Carol Dempster

Carol Dempster (December 9, 1901 – February 1, 1991) was an American film actress of the silent film era.[1]

Carol Dempster
Stars of the Photoplay, 1924
Born(1901-12-09)December 9, 1901
DiedFebruary 1, 1991(1991-02-01) (aged 89)
Years active1916–1926
Edwin S. Larsen (m. 19261978)

Early years

Born in Duluth, Minnesota, Dempster was the daughter of a captain on the Great Lakes and the youngest of four children. The family moved to California when her father decided to change careers. While dancing in a school program, Dempster was noticed by Ruth St. Denis and went on to become the youngest graduate in the first class of St. Denis's school of dance.[2]


Dempster got her start in films as a protégé of legendary film director D.W. Griffith alongside other Griffith actresses of the mid-1910s Lillian and Dorothy Gish and Mae Marsh. Griffith gave Dempster her first role at age 15 in his 1916 film Intolerance playing one of the Babylonian harem girls alongside another teenaged newcomer, Mildred Harris. Dempster eventually became one of Griffith's "favorites"; he cast her in nearly every one of his films throughout the 1920s, allegedly to the irritation of Mae Marsh and Lillian Gish. Dempster became romantically involved with the much older Griffith during the early 1920s while Griffith was estranged from his wife, Linda Arvidson.

Dempster's first feature role came in 1919 in the Griffith directed The Girl Who Stayed at Home opposite Robert "Bobby" Harron. Dempster followed this with Griffith's The Love Flower (1920), Dream Street (1921), One Exciting Night (1922) and Isn't Life Wonderful (1924), America (1924), Sally of the Sawdust (1925), and That Royle Girl (1925). Dempster appeared opposite such notable actors as John Barrymore, Richard Barthelmess, William Powell, Ivor Novello, and W.C. Fields.

In 1926 Dempster acted in her final film, a Griffith vehicle entitled The Sorrows of Satan (1926), co-starring Adolphe Menjou, Ricardo Cortez, and the Hungarian vamp Lya De Putti. Dempster then retired from the screen to marry wealthy banker Edwin S. Larson in 1926.[1]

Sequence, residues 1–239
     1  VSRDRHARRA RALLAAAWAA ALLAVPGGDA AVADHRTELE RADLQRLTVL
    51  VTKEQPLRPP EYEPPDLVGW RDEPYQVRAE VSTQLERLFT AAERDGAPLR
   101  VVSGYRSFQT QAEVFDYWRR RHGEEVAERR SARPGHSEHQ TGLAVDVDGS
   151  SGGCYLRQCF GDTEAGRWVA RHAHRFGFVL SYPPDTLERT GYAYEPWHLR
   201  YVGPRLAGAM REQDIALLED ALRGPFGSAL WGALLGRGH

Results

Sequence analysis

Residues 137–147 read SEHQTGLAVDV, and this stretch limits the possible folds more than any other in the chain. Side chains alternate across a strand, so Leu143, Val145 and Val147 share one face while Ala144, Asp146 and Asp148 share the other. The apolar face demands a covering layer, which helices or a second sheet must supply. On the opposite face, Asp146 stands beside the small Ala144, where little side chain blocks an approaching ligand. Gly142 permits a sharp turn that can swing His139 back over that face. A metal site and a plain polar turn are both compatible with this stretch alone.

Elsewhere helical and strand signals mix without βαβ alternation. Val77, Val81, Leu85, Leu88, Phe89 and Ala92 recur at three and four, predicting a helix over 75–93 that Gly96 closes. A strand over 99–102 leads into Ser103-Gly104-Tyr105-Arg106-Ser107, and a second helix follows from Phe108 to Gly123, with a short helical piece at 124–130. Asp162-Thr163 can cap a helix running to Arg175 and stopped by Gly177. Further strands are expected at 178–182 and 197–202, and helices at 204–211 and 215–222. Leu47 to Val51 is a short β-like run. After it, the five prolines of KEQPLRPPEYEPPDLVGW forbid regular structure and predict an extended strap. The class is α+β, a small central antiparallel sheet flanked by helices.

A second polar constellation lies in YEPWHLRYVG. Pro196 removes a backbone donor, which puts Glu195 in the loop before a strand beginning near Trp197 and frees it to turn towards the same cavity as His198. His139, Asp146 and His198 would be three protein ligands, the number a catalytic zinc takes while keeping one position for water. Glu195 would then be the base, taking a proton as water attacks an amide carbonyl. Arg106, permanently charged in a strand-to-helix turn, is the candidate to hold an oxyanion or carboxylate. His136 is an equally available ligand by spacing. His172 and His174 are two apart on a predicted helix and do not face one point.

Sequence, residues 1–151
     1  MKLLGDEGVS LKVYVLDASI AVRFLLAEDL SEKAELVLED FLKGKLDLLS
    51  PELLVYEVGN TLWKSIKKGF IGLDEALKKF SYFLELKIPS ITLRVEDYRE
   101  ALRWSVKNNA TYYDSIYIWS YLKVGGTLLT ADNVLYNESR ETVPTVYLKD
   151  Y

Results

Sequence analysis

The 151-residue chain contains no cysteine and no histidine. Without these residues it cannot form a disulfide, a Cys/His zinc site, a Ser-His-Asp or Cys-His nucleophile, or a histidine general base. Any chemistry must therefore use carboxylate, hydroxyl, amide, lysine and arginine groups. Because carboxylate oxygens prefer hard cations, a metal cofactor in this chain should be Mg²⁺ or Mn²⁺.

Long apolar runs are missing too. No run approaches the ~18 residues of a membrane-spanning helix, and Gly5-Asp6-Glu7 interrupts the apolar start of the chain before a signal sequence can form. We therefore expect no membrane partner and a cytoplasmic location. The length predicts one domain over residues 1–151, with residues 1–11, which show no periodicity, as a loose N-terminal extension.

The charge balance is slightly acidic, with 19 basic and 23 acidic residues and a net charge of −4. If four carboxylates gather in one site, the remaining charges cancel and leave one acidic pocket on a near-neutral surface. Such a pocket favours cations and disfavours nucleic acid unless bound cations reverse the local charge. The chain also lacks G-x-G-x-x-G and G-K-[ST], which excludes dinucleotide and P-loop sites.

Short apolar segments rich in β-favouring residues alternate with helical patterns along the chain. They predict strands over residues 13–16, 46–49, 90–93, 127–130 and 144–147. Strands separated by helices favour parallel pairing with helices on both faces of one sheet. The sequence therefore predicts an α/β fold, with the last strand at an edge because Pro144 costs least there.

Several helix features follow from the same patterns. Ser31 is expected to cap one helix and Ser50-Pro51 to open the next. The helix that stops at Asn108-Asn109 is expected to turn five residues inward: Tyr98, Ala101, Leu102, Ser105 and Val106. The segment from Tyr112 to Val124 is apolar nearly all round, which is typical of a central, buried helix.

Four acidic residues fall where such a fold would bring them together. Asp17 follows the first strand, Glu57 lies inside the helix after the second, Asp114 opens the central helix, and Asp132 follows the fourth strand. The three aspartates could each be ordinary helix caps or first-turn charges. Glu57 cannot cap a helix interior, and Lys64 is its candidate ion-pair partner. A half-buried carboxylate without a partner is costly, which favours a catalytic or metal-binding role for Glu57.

Dempster's critical stock was never very high, in part because she was unable to live up to the performances of Lillian Gish, whom she replaced as Griffith's leading lady. Her somewhat "ordinary" appearance and animated acting style were frequently criticized. Also, with a few exceptions, the films she appeared in were not among Griffith's more popular works. In recent years, however, viewers and critics alike have slowly begun to appreciate her performances, particularly in two later films, Isn't Life Wonderful and The Sorrows of Satan. [3]


Dempster died in La Jolla, California, in 1991 at the age of 89 from heart failure and was buried at the Forest Lawn Memorial Park cemetery in Glendale, California. Upon her death, Dempster left $1.6 million to the San Diego Museum of Art, which was used to expand the museum's collections of prints and drawings.[4]


All features were directed by D. W. Griffith except Sherlock Holmes, which was directed by Albert Parker. The Hope Chest, a product of the New Art Film Company from 1918, was produced by Griffith but directed by Elmer Clifton.

Year Title Role
1916 Intolerance Dancer (uncredited)
1918 Lillian Gish in a Liberty Loan Appeal (Lost) Bit
The Greatest Thing in Life (Lost) Dancer
The Hope Chest (Undetermined/presumably lost) Ethel Hoyt
1919 A Romance of Happy Valley Girl John Logan meets in New York
The Girl Who Stayed at Home Acoline France
True Heart Susie Bettina's friend
Scarlet Days Lady Fair
1920 The Love Flower Stella Bevan
Way Down East Barn dancer
1921 Dream Street Gypsy Fair
1922 Sherlock Holmes Alice Faulkner
One Exciting Night Agnes Harrington
1923 The White Rose Marie Carrington
1924 America Miss Nancy Montague
Isn't Life Wonderful Inga
1925 Sally of the Sawdust Sally
That Royle Girl (Lost) Joan Daisy Royle
1926 The Sorrows of Satan Mavis Claire


  1. "Carol Dempster". Variety. March 3, 1991. Archived from the original on October 3, 2017. Retrieved October 3, 2017.
  2. Menefee, David W. (2004). The First Female Stars: Women of the Silent Era. Greenwood Publishing Group. pp. 41–51. ISBN 9780275982591. Retrieved October 3, 2017.
  3. D.W. Griffith: An American Life by Richard Schickel, Simon & Schuster, 1984.
  4. Los Angeles Times,
  • The Movies, Mr. Griffith, and Me. By Lillian Gish. New York: Prentice-Hall, 1969.
  • Focus on D.W. Griffith. By Harry M. Geduld. New York: Prentice-Hall, 1971.
  • Adventures with D. W. Griffith. By Karl Brown. New York: Farrar, Straus and Giroux, 1973.
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